contained the info, which, it turned out, didn’t actually say what the AAT
proponent claimed it did. To complete the critique of that one AAT claim
(about seal sweat) also required finding yet another article, and a total of
perhaps 6-8 hours of actual research time. I’ll guarantee you the
original one paragraph AAT bogus claim didn’t take that long to churn out…
and people wonder why anthropologists don’t spend their time and meagre
research grants chasing down AAT claims.”
sounds very impressive, but one should notice that he omits to
actually cite any of these examples so that those of us who are sceptical of
Moore’s motives are unable to go and check them out. We are supposed to just
take his word for it. Already we see a certain double standard emerging. He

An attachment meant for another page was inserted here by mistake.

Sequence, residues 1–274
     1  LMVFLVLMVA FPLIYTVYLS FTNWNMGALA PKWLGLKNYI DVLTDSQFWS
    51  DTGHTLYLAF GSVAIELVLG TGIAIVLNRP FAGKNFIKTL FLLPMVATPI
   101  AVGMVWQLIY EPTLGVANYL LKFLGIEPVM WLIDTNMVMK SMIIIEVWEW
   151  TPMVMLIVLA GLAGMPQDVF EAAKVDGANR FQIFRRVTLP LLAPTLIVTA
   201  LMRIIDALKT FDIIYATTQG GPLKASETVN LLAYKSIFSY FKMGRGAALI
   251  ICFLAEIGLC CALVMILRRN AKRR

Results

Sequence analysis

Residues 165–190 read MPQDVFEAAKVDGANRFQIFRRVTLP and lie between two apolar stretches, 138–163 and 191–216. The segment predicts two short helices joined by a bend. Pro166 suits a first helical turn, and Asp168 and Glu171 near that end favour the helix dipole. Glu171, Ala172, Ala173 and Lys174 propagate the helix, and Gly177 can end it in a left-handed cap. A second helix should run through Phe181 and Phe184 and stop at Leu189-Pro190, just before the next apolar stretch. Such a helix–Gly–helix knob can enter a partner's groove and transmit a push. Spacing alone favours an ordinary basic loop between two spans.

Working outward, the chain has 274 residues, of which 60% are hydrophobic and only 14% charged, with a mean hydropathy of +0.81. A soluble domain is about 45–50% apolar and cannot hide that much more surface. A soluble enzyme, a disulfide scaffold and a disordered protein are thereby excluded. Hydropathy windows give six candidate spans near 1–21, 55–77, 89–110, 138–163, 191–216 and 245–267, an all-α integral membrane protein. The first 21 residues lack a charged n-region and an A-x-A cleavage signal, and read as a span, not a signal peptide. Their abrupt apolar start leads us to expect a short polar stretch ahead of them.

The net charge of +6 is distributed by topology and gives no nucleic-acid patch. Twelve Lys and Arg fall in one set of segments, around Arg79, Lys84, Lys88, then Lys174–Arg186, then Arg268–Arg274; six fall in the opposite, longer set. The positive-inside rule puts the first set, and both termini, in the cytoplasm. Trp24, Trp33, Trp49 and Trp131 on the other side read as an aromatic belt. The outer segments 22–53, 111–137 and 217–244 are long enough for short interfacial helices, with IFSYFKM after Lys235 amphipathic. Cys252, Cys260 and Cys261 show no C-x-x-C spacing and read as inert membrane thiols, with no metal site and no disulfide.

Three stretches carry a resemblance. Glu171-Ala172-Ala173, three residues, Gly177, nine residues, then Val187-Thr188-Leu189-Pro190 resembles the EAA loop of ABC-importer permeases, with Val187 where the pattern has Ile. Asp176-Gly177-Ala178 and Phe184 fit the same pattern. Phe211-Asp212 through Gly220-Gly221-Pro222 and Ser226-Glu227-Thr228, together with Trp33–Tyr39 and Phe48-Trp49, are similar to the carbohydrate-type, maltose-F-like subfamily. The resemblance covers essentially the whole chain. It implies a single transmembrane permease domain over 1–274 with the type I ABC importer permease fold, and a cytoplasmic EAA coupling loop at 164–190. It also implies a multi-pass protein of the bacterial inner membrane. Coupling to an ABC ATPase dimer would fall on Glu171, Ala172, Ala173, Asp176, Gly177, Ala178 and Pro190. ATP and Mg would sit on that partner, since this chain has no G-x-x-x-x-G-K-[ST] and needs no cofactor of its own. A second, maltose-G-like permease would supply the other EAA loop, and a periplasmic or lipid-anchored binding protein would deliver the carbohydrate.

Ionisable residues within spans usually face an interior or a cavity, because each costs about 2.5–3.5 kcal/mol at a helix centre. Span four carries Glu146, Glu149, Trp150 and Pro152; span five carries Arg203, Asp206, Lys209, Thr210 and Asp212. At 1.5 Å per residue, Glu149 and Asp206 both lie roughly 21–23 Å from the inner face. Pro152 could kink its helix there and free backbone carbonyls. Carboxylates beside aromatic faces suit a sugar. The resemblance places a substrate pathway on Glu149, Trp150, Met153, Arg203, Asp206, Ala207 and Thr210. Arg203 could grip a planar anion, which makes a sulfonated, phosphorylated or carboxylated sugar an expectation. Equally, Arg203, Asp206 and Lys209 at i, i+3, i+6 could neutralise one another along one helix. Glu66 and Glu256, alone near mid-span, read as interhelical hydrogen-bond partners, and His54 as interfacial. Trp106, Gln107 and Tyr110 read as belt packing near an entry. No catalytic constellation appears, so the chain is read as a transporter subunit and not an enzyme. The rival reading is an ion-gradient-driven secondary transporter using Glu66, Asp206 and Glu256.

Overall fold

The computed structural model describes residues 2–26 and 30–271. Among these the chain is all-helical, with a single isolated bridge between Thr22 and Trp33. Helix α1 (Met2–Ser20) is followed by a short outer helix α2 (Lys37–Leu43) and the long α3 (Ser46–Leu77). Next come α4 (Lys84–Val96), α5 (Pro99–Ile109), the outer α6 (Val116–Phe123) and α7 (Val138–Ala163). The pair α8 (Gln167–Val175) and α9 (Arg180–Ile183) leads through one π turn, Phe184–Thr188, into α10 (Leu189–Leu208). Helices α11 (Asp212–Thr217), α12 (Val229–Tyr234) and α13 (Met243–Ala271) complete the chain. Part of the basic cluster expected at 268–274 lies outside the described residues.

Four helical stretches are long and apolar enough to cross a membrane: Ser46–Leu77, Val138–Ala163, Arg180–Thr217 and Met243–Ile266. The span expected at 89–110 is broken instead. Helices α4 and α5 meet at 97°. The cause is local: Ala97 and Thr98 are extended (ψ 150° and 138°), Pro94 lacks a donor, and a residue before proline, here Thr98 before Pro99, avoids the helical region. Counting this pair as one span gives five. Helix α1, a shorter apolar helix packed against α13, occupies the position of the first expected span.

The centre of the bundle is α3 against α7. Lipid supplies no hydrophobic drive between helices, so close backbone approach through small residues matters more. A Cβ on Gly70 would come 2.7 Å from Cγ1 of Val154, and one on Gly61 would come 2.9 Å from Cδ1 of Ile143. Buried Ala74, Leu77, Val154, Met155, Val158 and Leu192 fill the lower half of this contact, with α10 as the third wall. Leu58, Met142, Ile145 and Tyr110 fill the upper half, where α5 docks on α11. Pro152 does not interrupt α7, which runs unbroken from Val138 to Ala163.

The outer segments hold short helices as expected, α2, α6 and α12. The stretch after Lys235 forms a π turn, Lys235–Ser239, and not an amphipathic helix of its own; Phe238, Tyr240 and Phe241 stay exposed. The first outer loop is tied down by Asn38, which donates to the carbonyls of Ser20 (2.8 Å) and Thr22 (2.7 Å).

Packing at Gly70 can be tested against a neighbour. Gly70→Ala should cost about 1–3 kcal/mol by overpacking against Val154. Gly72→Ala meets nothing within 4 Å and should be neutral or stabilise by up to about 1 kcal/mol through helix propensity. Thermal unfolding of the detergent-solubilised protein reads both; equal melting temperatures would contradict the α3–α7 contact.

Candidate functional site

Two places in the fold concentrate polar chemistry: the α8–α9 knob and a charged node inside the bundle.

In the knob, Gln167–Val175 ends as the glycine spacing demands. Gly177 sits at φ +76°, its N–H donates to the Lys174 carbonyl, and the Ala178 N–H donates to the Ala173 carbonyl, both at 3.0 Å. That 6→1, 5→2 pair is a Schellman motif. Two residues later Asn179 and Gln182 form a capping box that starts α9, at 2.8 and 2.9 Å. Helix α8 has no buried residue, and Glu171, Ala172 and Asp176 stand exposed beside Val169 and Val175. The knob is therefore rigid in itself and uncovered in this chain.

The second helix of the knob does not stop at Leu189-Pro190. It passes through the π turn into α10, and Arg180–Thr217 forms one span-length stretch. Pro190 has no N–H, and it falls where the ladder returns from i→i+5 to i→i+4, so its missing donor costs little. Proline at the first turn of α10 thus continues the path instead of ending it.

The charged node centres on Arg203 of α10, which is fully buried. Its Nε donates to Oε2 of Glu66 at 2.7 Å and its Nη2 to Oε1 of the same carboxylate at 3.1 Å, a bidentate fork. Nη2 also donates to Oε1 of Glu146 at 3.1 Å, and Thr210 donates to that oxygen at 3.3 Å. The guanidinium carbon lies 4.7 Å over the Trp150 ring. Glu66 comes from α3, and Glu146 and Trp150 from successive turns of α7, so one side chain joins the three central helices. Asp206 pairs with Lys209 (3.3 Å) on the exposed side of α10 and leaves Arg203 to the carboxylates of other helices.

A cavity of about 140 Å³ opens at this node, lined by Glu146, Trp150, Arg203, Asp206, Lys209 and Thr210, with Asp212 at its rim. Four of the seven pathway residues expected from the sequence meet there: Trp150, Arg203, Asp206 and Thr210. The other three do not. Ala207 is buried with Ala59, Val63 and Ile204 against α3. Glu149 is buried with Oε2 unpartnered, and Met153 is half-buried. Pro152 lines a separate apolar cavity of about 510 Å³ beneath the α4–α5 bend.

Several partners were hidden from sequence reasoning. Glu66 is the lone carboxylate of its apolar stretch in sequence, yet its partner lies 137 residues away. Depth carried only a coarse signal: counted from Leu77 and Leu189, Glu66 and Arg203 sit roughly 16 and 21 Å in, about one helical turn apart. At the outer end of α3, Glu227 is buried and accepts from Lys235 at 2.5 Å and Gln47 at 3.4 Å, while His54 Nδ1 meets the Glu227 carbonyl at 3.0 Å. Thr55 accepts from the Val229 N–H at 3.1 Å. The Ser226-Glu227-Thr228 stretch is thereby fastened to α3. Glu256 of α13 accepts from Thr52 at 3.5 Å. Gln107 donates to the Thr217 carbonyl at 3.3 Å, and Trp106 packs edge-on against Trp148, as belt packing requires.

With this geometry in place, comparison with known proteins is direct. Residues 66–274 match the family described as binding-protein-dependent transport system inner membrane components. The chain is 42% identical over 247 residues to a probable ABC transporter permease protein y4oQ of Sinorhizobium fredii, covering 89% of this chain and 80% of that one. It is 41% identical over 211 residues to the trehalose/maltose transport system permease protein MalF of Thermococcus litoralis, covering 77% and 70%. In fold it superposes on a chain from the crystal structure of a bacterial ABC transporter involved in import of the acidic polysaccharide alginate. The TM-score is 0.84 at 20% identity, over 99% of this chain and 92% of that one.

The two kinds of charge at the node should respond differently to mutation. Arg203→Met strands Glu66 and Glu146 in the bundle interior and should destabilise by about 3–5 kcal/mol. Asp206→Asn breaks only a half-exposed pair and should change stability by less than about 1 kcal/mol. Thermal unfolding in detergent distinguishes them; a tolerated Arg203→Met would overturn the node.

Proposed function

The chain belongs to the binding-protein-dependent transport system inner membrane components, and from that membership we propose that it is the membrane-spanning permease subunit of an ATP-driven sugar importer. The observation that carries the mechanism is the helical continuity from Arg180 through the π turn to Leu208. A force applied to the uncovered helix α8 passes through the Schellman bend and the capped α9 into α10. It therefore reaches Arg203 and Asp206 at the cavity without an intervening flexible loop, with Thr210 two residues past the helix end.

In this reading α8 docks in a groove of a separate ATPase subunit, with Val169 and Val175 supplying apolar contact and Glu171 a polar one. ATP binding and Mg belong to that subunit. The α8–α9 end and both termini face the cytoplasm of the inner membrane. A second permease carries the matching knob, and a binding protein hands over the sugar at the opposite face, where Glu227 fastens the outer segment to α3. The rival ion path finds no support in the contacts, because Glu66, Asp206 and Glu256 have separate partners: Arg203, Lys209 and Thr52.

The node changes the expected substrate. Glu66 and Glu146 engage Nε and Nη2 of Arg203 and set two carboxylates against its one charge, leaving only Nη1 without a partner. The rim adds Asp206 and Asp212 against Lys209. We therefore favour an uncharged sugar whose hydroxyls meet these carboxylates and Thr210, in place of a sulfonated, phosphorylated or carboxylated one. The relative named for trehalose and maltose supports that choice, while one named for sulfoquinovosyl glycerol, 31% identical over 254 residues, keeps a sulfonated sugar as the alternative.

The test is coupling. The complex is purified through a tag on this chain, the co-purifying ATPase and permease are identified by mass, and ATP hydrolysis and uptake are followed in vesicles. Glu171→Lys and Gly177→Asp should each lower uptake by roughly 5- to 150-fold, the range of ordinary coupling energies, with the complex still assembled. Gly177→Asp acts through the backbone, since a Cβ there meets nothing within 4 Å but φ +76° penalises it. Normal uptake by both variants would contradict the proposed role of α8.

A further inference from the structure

can criticise AAH opponents for their shoddy methods, but he is above that
same criticism himself.
ends his intro by defending his attacks on Elaine Morgan. He writes “I find
it really annoying when good science is taken to task for not accepting a
theory which is so full of holes and mistruths, and which is argued for so
dishonestly.” He claims that he is no harder on Morgan than scientists are
on each other and on their own work. But therein lies the point: Morgan is
no scientist and has never claimed to be one. She is an interested
commentator on human evolution.
heard about Hardy’s theory and thought ‘that makes sense, how come no-one
has looked at it?’ So, she used her talent for clear and entertaining
writing to author five books on the subject, the purpose of which was to
wake scientists up to the possibility that there might be something in this
idea. I think Elaine Morgan
actually deserves some formal recognition for over thirty years work in this area but
certainly a great deal more generosity than people like Jim Moore have been
willing to give. Thankfully there are others in the field who share that
Moore asks: “I don’t have any formal credentials in evolutionary science, so
how can I expect you to believe what I tell you instead of what AAT
proponents say?” It’s a good question which he attempts to answer by